The annual festival of music and arts, is heading into it’s ninth consecutive year in the Baltic Triangle district of the city, and according to co-founder and festival producer Chris Herstad Carney, the timing of this funding win could not be better. “We have had mixed success in funding bids over the years and I think it’s important that people know what a difference a grant can make to the future of a large event. We’re incredibly grateful to Arts Council England for recognising the work we do. Without this funding, we couldn’t have put on the festival we wanted to put on.”

“Voice of Brexit Britain” Coldwar Steve to unveil first ever public work in Liverpool City Square. The satirist, an almost overnight twitter sensation – described by author Jon Savage as “a modern Hogarth or Gillray” has produced a new, huge scale visual landscape of the UK news media, titled “The Fourth Estate”. The piece will be unveiled in Williamson Square, Liverpool on 09/11/18. The billboard will be similar in tone to the iconic twitter feed “McFadden’s Coldwar” but will include many “characters” the public may not be quite so familiar with: the owners and influencers of the UK news media. To this end, an outline index will detail those identities. The piece was commissioned by RRU News a unique year long cultural experiment designed to interpret, create and challenge how we look at news.

-The work is on display from 09.00 – 20.00 every day from 23 November – 7 December

Sally Tallant appointed as Executive Director of Queens Museum in New York The Board of Queens Museum in New York announced today the appointment of Sally Tallant as its new Executive Director. She will take up her appointment in Spring 2019. Sally Tallant, curator, educator and artistic director, is currently Director of Liverpool Biennial. She worked as a curator at the Hayward Gallery in London in 1999 and was appointed Head of Programmes at the Serpentine Gallery in 2001. Over the next ten years, she developed and delivered an integrated programme of exhibitions, education, projects and innovative public programmes for the Gallery. In 2011, she was appointed Artistic Director and CEO of Liverpool Biennial, the UK’s largest international festival of contemporary art, where she has created a pioneering model of a Biennial underpinned by research and education, with a year-round programme of permanent and temporary public art commissions including the Dazzle Ships series and Ugo Rondinone’s Liverpool Mountain. She has overseen four editions of the Liverpool Biennial and has commissioned more than 180 international artists’ projects and largescale performances, working closely with the city’s major arts organisations including Tate Liverpool, National Museums Liverpool and Culture Liverpool as well as museums and cultural institutions internationally.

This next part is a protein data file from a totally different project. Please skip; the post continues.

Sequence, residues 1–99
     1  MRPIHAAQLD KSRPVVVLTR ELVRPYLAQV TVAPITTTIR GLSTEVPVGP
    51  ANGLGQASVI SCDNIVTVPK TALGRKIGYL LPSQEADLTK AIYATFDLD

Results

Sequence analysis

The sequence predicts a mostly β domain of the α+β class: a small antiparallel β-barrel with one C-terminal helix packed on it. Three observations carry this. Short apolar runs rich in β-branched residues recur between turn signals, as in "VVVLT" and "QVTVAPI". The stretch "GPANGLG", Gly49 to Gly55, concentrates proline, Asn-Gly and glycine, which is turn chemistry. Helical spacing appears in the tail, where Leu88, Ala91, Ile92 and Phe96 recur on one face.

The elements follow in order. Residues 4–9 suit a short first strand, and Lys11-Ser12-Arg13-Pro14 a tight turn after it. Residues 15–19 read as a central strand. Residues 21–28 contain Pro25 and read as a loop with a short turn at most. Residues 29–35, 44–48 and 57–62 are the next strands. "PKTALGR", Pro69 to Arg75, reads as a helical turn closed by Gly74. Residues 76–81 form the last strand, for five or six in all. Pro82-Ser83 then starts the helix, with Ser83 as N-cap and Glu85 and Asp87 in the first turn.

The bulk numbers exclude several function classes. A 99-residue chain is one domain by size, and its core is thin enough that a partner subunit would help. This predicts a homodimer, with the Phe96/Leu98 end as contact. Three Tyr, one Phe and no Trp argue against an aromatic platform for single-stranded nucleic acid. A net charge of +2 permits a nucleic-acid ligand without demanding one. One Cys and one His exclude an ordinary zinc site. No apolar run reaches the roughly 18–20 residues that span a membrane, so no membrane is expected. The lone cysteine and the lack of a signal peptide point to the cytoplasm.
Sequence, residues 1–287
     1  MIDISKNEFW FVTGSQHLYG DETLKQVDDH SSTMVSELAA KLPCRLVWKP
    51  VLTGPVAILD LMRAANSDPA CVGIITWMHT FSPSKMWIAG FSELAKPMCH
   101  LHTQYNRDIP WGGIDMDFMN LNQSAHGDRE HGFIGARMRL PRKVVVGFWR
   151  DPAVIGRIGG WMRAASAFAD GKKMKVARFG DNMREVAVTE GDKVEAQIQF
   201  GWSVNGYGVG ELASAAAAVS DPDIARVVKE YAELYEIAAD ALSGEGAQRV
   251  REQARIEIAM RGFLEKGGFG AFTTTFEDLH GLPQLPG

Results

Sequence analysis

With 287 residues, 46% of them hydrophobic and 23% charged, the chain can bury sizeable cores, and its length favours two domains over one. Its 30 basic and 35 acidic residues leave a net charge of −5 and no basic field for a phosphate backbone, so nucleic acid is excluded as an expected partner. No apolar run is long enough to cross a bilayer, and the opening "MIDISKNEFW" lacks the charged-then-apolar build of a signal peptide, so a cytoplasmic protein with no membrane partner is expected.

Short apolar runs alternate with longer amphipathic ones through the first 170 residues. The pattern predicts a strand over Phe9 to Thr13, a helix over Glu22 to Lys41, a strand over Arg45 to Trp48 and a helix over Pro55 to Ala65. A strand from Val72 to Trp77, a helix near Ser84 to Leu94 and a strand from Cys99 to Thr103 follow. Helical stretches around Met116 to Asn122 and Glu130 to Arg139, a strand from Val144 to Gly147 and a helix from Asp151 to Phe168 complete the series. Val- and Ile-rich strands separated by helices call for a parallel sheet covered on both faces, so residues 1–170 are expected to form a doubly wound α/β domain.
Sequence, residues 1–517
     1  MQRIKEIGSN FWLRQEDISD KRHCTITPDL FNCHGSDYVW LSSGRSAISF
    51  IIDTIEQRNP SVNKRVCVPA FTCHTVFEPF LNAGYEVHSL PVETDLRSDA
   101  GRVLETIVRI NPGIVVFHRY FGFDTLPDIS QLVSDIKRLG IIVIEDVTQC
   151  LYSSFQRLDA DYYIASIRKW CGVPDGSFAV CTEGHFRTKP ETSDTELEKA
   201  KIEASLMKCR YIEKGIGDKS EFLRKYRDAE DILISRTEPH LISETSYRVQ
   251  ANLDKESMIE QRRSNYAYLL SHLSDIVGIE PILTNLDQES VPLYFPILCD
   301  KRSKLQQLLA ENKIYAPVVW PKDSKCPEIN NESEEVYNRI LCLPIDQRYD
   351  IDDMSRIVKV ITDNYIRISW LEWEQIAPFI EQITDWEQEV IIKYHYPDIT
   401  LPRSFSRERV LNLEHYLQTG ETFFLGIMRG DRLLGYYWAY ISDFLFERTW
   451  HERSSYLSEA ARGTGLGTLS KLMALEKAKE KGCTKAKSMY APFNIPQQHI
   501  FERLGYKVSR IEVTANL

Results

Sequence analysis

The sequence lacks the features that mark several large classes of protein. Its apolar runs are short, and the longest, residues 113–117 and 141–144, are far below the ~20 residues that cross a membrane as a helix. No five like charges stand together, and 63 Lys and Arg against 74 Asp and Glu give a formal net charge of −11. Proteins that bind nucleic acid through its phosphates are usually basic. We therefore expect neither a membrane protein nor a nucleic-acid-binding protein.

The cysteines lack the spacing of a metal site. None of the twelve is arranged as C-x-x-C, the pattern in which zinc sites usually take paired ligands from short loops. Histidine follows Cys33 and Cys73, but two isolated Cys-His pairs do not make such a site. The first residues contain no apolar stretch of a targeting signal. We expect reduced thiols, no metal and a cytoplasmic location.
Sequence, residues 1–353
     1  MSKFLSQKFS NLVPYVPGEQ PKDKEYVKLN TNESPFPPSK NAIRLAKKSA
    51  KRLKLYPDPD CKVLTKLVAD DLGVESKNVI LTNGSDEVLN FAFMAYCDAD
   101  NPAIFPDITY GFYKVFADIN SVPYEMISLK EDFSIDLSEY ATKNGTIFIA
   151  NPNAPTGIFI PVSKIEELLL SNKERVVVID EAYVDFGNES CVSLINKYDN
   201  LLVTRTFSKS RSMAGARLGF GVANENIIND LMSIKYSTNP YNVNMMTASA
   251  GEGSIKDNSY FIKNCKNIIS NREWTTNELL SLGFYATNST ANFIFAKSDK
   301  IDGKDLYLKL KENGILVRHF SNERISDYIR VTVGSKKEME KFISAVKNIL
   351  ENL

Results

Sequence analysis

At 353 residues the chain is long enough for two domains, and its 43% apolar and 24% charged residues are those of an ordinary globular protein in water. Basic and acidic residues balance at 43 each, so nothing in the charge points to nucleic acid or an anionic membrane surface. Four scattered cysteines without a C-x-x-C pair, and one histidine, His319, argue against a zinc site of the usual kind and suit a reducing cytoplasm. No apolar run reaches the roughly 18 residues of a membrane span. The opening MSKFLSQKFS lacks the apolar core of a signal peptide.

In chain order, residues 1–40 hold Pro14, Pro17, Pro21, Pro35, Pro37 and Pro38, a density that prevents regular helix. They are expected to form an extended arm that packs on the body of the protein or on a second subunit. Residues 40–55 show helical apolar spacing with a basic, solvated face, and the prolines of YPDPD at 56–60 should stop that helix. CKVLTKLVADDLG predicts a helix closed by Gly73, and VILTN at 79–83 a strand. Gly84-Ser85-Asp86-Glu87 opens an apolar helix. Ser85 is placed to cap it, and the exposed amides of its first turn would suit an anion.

Review: Broken Symmetries Particle physics: undoubtedly astounding, yet frequently utterly bewildering. It’s one thing to understand that CERN exists to conduct experiments, quite another to fully grasp the consequences of the theories they are working with. It is this space between common sense and comprehension that is explored in Broken Symmetries. You sense that the ten featured artists have all worked with CERN with a similar sense of awe, and a desire to comprehend. Together, these interpretations of their experiences create a show that feels compassionate. These are works which embrace the boundaries of understanding as a challenge, a wonder in their own right. The introduction into Gallery 1 sets the scene nicely. Juan Cortes’ Supralunar invites the viewer to place their skull against conductors which amplify the artwork’s sounds, but only to you, creating a unique perception. Looking up in a return to the real world, you’re met by Semiconductor’s film The View from Nowhere, exploring the mechanics and perspectives of life at CERN. The comments offer intrigue and comfort in the knowledge that it’s not only us lay people who don’t understand precisely what they’re looking for - that in fact, even the smartest minds don’t know what

they’re looking for until it appears. It seems that to discover the nature of the universe you not only have to be smart, but also willing to accept the limits of your knowledge.

STRIKE - and in spite of her reference to “loopy mysticism” - she sympathises with our need to search for a purpose to and explanation for the unknowable.

“works which embrace the boundaries of understanding as a challenge”

What, then, of the the results of all these investigations: how can we comprehend the application of CERN’s work to the life we know? This is where Yunchul Kim’s Cascade shines, as an intricately detailed system that creates an object of wonder. The detection of the elementary particles known as muons - detected within CERN’s collision experiments sets off a process of light and movement which inevitably sparks curiosity. More than just an array of interrelated sculptures these pieces draw us into intrigue, compelling us to look closer and discover how they work. It’s what Broken Symmetries achieves as an exhibition, too. Rather than confusing the wonder of science, it creates a space to accept and wonder at how just baffling the fundamental nature of the universe can be.